Danish is the national language of Denmark, and one of two official languages of the Faroes (alongside Faroese). Until 2009, it had also been one of two official languages of Greenland (alongside Greenlandic). Danish is widely spoken in Greenland, and an unknown portion of the native Greenlandic population has Danish as their first language. Danish was an official language in Iceland until 1944 but is today still widely used and is a mandatory subject in school. In addition, there is a small community of Danish speakers in Southern Schleswig, the portion of Germany bordering Denmark, where it is an officially recognized regional language, just as German is north of the border. Furthermore, Danish is one of the official languages of the European Union and one of the working languages of the Nordic Council. Under the Nordic Language Convention, citizens of the Nordic countries speaking Danish have the opportunity to use their native language when interacting with official bodies in other Nordic countries without being liable for any interpretation or translation costs.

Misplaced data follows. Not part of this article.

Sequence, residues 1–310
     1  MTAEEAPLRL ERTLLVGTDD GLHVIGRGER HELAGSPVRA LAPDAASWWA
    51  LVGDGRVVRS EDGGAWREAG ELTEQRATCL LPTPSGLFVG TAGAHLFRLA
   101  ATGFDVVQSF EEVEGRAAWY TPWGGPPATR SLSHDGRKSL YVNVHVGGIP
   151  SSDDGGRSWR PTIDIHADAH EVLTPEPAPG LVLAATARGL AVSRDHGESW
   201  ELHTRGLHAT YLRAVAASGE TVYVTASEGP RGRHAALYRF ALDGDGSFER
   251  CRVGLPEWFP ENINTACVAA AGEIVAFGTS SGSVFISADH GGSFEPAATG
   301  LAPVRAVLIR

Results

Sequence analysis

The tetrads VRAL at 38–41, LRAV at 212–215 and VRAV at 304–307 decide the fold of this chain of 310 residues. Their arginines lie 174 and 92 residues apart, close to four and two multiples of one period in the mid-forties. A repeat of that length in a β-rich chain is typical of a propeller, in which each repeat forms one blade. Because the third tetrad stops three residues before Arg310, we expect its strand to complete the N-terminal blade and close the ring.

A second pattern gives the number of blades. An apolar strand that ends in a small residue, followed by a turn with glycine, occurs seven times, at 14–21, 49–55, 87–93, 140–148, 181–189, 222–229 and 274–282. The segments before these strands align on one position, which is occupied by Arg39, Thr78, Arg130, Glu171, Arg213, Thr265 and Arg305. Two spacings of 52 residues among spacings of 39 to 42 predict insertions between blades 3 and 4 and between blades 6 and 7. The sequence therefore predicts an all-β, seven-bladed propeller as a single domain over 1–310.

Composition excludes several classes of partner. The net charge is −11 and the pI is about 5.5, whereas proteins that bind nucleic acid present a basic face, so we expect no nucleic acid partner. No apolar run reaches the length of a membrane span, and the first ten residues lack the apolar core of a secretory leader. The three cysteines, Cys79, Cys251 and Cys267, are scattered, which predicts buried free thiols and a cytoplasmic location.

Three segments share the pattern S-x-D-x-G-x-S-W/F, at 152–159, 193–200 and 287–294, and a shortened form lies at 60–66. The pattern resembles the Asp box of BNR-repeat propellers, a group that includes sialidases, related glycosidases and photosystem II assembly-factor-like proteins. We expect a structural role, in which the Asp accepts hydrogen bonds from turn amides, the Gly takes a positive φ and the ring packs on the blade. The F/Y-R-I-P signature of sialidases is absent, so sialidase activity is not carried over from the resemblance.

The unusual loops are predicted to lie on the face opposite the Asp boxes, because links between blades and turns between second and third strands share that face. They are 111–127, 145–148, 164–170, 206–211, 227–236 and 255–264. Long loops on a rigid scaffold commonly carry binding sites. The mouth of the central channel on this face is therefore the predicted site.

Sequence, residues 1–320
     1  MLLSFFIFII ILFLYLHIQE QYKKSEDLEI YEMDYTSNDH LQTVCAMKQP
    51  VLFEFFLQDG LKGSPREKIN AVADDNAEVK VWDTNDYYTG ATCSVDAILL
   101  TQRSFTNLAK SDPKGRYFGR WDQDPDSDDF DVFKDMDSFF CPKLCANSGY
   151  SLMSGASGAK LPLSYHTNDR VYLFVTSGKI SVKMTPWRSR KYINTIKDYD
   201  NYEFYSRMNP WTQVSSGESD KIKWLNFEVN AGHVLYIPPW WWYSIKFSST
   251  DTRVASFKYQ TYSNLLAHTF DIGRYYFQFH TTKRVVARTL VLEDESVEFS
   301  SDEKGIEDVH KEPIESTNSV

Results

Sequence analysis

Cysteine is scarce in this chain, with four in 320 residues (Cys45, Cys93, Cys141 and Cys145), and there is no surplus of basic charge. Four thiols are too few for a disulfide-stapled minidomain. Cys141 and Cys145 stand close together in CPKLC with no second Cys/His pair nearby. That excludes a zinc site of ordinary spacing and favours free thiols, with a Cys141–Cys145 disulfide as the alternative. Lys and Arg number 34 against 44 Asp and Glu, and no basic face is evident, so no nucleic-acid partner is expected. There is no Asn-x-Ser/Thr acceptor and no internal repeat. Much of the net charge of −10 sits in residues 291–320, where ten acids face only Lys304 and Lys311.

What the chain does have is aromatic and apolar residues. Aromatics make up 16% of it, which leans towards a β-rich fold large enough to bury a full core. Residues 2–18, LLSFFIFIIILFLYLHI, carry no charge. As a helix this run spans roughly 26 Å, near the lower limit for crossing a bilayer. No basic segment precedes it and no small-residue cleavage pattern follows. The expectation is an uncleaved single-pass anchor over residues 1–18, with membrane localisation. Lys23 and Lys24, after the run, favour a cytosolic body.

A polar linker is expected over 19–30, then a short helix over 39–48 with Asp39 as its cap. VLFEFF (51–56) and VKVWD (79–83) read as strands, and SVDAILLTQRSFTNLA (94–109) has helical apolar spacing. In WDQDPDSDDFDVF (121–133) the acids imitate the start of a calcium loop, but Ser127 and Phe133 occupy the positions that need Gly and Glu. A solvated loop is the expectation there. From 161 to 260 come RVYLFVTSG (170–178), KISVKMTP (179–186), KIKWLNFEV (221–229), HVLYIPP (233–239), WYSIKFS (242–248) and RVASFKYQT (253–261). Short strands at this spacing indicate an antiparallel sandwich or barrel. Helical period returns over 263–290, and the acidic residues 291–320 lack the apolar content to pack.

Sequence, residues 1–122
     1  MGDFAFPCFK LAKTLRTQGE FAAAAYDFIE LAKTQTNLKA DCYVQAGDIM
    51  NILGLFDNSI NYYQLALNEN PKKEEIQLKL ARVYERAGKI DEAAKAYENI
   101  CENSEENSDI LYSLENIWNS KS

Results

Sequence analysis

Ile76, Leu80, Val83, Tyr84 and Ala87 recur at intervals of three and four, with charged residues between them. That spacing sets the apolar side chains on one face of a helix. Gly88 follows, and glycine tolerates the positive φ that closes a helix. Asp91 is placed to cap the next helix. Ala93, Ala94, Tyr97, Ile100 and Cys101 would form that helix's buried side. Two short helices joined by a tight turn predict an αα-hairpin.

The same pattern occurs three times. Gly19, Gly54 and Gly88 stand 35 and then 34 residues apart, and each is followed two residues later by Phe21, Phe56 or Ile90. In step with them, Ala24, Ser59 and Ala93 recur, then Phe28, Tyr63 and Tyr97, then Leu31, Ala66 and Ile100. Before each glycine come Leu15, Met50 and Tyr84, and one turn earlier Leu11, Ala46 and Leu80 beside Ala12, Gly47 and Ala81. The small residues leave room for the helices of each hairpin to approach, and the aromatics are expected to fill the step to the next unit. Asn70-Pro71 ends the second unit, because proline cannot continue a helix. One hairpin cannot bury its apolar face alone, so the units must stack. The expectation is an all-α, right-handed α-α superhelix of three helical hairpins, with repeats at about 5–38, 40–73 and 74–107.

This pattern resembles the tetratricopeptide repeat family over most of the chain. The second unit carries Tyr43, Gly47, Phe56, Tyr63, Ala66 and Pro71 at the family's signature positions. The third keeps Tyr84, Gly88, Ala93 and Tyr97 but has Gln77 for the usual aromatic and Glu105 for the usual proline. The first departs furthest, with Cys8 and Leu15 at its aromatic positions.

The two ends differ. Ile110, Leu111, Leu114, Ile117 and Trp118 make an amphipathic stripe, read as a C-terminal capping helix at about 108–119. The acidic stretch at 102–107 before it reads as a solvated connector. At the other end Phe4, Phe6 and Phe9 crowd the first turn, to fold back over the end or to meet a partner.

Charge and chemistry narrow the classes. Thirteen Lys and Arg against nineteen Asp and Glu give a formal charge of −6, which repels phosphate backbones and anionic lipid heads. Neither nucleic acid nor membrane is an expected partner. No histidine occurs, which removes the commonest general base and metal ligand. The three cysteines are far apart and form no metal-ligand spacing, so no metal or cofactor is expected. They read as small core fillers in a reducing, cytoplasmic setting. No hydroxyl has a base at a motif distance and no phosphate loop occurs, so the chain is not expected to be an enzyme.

The more widespread of the two Norwegian languages, Bokmål, is a daughter language of Danish. Until 1814, Danish was the official language of Norway. Bokmål is based on Danish unlike the other Norwegian language, Nynorsk, which is based on the Norwegian dialects, with Old Norwegian as an important reference point. From a linguistic point of view, Bokmål and Danish are the same language.
There is no law stipulating an official language for Denmark, making Danish the de facto language only. The Code of Civil Procedure does, however, lay down Danish as the language of the courts. Since 1997 public authorities have been obliged to observe the official spelling by way of the Orthography Law.